Power line hearing draws ample opposition

PENNSYLVANIA - If one day's show of opposition can influence the outcome of public hearings on Allegheny Energy Inc.'s proposed $1.2 billion high-voltage transmission line across Southwestern Pennsylvania and two other states, the project could be in bad shape.

Critics of the 240-mile Trans-Allegheny Interstate Line made their presence known inside and outside Downtown's State Office Building during the start of three weeks of Public Utility Commission hearings that will feature highly technical, expert witness testimony.

More than 60 opponents sat in the hearing room or carried signs and placards outside the building. Keith Neill, who with his brother Curtis owns 100 acres in North Strabane, Washington County, said his property value will be damaged should the power line be built.

"We've attended the public hearings, my brother has had discussions with the Allegheny Energy people, but they weren't fruitful," said Neill, dressed in a black T-shirt with bold yellow letters spelling "Stop the Towers".

"I expect to split time at the hearings with my brother," Neill said.

Public Utility Commission Administrative Law Judges Michael A. Nemec and Mark Hoyer oversee the hearings. They will make recommendations to the PUC, which will decide whether to approve the power line plan. The Trans-Allegheny project includes a primary 500-kilovolt line stretching from near Eighty Four, Washington County, into West Virginia, then east to Loudoun County, Va., about 35 miles west of Washington.

Three, smaller 138-kilovolt lines are proposed within the Pennsylvania portion of the project. Allegheny Energy's share of the bill is about $850 million. The Greensburg-based energy company contends that all but 1.2 miles of the project in Pennsylvania address local reliability needs.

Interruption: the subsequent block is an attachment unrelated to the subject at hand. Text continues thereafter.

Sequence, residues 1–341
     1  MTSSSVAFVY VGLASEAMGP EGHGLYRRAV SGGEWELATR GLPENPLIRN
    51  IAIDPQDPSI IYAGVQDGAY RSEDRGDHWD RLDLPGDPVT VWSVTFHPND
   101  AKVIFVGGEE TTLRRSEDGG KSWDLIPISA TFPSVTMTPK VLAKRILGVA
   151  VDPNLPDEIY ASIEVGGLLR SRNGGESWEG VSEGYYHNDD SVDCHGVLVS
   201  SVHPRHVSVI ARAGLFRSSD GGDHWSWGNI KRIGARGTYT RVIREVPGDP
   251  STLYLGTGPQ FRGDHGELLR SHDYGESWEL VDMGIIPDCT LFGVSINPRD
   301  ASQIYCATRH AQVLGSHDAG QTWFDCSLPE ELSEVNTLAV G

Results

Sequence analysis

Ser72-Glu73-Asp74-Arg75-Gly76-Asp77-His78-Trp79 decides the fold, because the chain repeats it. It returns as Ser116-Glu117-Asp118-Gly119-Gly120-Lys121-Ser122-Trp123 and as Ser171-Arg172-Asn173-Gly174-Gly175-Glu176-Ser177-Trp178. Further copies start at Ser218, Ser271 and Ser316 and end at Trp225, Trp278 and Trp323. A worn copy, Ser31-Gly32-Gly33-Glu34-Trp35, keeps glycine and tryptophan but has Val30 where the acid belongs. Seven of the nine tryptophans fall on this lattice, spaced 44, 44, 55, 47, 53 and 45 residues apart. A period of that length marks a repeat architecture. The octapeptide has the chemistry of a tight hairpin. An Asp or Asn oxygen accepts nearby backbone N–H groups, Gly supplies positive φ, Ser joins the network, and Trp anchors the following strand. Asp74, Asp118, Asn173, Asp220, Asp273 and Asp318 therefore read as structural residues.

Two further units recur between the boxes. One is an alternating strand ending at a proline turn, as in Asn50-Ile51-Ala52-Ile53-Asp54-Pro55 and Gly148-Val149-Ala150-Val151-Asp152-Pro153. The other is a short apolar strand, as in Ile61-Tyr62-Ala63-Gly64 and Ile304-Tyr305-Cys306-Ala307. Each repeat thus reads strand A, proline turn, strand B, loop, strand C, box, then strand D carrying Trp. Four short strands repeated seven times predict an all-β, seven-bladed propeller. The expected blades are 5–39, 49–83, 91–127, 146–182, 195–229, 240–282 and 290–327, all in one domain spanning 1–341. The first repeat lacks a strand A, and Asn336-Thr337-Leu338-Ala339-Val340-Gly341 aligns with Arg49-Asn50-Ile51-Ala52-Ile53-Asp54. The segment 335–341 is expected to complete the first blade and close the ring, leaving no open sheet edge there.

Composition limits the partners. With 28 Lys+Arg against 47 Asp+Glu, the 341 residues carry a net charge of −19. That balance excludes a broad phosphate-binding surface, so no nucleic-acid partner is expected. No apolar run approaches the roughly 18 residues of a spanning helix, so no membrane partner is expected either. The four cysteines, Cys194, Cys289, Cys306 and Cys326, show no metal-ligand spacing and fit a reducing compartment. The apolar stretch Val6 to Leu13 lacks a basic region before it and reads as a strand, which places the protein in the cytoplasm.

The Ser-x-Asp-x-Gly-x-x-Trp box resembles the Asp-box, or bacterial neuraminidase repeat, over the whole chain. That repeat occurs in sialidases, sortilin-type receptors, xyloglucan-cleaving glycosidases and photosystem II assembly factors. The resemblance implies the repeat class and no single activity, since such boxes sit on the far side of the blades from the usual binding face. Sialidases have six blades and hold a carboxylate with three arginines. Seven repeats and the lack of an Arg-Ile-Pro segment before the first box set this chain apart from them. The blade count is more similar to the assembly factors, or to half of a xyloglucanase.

"This evidentiary hearing will give us the opportunity to demonstrate the careful evaluation undertaken to address reliability issues," said David E. Flitman, president of Allegheny Energy's power transmission-distribution unit, in a statement. Opponents of the project object on health and aesthetic grounds, along with potential lower property values should a line cross or a transmission tower sit on their property.

Another reason in-state opponents are against the Trans-Allegheny line is they don't see a need for a large power line. Pepper Hamilton LLP attorney Willard Burns pressed the need issue during cross-examination of Allegheny Energy witness Steven Herling, a planning vice president for PJM Interconnection of Valley Forge.

PJM coordinates and operates the power transmission grid in all or parts of 13 states, including Pennsylvania and the District of Columbia - an area serviced by 17 power companies and with a population of 51 million.

"We want to focus on the need for the 500 kV line. The basis of Allegheny's assumptions is the alleged fear of blackouts if the line isn't built - and that's ridiculous, said Burns, who represents the Conservation Council of Pennsylvania at the hearing. "Everyone loses power every now and then. The blackout talk just is a smokescreen."


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